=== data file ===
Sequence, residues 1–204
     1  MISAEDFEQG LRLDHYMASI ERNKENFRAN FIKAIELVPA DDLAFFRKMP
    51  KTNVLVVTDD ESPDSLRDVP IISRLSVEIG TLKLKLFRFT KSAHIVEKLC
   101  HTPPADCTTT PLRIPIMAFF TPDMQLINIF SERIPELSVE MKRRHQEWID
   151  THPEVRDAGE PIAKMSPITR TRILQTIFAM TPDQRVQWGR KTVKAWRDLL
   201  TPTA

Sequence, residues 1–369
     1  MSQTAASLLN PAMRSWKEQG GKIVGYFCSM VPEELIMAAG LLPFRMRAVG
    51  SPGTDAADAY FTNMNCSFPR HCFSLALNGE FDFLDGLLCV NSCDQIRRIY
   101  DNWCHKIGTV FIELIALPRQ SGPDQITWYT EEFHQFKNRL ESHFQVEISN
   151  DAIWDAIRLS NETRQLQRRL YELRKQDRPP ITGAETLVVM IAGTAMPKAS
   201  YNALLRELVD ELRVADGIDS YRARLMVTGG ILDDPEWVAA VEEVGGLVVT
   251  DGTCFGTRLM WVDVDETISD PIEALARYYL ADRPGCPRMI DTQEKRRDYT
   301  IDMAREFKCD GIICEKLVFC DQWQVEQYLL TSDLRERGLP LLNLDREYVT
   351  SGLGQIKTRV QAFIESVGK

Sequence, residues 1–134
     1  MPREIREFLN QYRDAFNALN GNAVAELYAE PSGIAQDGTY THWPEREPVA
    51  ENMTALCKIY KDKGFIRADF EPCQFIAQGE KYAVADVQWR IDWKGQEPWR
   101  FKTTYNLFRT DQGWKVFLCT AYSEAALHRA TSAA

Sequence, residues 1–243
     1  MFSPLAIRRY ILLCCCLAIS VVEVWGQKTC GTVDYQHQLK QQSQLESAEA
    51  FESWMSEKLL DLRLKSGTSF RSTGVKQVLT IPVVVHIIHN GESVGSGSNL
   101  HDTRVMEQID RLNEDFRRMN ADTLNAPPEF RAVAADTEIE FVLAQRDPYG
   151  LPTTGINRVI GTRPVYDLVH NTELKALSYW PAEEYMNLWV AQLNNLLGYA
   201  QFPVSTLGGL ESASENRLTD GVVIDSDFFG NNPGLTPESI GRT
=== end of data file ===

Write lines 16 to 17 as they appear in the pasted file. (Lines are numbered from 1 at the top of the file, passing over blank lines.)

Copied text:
Sequence, residues 1–134
     1  MPREIREFLN QYRDAFNALN GNAVAELYAE PSGIAQDGTY THWPEREPVA